Man with a Hoe
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Jean-François Millet
French, Barbizon, 1860 - 1862
Black chalk and stump with white chalk on buff paper
11 1/16 x 13 3/4 in.

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Sometimes, in places where the land is sterile, you see figures hoeing and digging. From time to time one raises himself and straightens his back, ...wiping his forehead with the back of his hand. 'Thou shalt eat thy bread in the sweat of thy brow.' Is this the gay, jovial work some people would have us believe in? But nevertheless, to me it is true humanity and great poetry.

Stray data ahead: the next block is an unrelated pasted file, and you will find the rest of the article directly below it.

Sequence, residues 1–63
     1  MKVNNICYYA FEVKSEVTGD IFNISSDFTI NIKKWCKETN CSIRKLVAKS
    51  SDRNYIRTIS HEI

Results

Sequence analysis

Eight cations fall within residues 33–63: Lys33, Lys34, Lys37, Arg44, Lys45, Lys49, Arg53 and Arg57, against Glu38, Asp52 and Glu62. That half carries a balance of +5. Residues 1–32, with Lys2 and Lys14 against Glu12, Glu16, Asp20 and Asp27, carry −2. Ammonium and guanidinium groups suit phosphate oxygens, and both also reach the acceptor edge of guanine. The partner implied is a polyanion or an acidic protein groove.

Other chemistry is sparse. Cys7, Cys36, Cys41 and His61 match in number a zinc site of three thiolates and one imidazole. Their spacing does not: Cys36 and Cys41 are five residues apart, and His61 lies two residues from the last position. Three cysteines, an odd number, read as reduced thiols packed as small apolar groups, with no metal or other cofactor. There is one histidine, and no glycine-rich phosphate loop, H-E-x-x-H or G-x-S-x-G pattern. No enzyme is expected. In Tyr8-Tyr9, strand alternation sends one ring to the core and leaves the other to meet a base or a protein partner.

Thus wrote Jean-François Millet about his favorite subject, agricultural laborers. Despite his philosophical intentions, these subjects earned him accusations of Socialist leanings. When he exhibited Man with a Hoe at the Salon of 1862, it quickly became one of the most controversial pictures of mid-1800s France. He probably made this drawing as a preparatory study for that painting, now also in the Getty Museum.

In this drawing, Millet concentrated on the man, showing his face as less brutish, less exhausted, and more defined than in the finished painting. He used subtle additions of white chalk to render the clouds in the sky and the sun's highlights on the farmer's shirt. Drawn on buff paper, the entire scene has a soft, hazy quality achieved with a technique known as stumping.

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